By Ruth Manimtim-Floresca
All of us go through a lot of firsts in our lives. I remember being patiently taught by my grandmother how to iron my school uniforms when I started my freshman year in high school. It took a few weeks before I got the task down pat but, finally, I did! And from then on, I would iron all my uniforms on Sunday nights and fold them neatly in my large bag the next day before I leave for my boarding house in Los Banos where I stay during weekdays.
When our kids were old enough to do chores, my husband and I also painstakingly instructed and demonstrated to them how to do things so they could help around the house. In the process, we’ve had days when the rice was either soggy or crunchy; red hotdogs have turned black; the pot of boiled eggs had emitted clouds of smoke because the water had dried up while the flames underneath continued their merry dance; an expensive pair of pants was burned by a too-hot iron; plates and glasses flew from soapy hands to land as tiny pieces on the floor; and many other disasters.
Sometimes, our patience would be stretched to its limits but we knew we can’t give up helping the boys “get it right.” How else could they learn if they are not allowed to make mistakes?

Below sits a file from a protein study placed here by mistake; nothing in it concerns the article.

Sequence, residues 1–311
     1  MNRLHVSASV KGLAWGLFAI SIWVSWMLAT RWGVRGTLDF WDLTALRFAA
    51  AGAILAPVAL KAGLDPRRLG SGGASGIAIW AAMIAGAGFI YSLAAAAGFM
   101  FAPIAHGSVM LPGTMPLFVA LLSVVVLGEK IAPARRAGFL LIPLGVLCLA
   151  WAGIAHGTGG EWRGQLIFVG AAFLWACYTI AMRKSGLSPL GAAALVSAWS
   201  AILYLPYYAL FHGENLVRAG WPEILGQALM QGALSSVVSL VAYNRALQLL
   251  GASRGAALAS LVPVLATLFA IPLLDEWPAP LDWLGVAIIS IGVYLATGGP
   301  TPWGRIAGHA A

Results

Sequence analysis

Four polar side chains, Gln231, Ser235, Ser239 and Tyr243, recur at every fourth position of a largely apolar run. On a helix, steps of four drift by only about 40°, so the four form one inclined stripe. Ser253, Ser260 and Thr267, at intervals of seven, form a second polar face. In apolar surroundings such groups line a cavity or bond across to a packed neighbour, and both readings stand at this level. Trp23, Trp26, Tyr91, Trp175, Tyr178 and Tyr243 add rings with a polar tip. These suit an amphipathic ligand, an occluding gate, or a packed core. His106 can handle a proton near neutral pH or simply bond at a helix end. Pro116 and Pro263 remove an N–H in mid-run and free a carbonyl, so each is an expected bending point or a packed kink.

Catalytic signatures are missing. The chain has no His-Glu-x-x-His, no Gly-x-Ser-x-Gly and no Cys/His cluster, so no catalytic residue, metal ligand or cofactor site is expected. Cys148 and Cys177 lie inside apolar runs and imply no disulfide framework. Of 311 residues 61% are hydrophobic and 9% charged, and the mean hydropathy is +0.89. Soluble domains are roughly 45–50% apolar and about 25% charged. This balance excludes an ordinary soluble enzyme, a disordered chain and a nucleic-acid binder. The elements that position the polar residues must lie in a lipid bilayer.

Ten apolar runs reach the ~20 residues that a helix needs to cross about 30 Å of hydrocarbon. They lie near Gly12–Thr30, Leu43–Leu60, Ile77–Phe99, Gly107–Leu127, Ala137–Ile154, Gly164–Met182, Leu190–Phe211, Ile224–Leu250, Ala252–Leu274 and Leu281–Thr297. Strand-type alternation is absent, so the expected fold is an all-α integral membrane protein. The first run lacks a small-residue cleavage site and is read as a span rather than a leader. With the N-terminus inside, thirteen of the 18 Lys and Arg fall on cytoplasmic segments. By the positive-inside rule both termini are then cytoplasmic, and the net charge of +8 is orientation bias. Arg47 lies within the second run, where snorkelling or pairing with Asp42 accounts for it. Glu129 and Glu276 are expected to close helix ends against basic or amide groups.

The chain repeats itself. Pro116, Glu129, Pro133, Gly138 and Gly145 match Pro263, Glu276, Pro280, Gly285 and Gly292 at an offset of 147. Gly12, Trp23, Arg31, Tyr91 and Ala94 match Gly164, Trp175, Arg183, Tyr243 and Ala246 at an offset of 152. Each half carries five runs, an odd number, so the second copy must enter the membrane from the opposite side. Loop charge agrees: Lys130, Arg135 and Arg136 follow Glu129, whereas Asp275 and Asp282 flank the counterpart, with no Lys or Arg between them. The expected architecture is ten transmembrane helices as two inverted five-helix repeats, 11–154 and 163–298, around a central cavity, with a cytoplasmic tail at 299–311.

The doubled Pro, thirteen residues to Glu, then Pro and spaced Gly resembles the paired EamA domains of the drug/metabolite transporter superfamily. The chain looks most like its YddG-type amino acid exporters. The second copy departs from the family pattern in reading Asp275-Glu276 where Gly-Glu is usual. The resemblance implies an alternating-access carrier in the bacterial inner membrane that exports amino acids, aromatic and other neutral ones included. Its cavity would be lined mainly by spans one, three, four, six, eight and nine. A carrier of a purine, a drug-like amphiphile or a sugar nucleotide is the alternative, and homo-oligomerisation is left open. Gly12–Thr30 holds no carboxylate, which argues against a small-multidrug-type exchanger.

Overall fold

Nowadays, whenever I’m up to my neck in deadlines, I could continue working on my laptop or leave the house to attend a media event while a teen or pre-teen would take over washing the dishes, sweeping the yard, feeding the dog or, even, cooking menudo!
For us, having no maid to rely on for years now is more of an advantage than a setback. We’re grateful for the opportunity to watch and wait for our kids to grow up as responsible human beings who don’t expect other people to do what they could already accomplish on their own. We also often remind the boys that we need to help each other out because, really, that’s what being family is all about.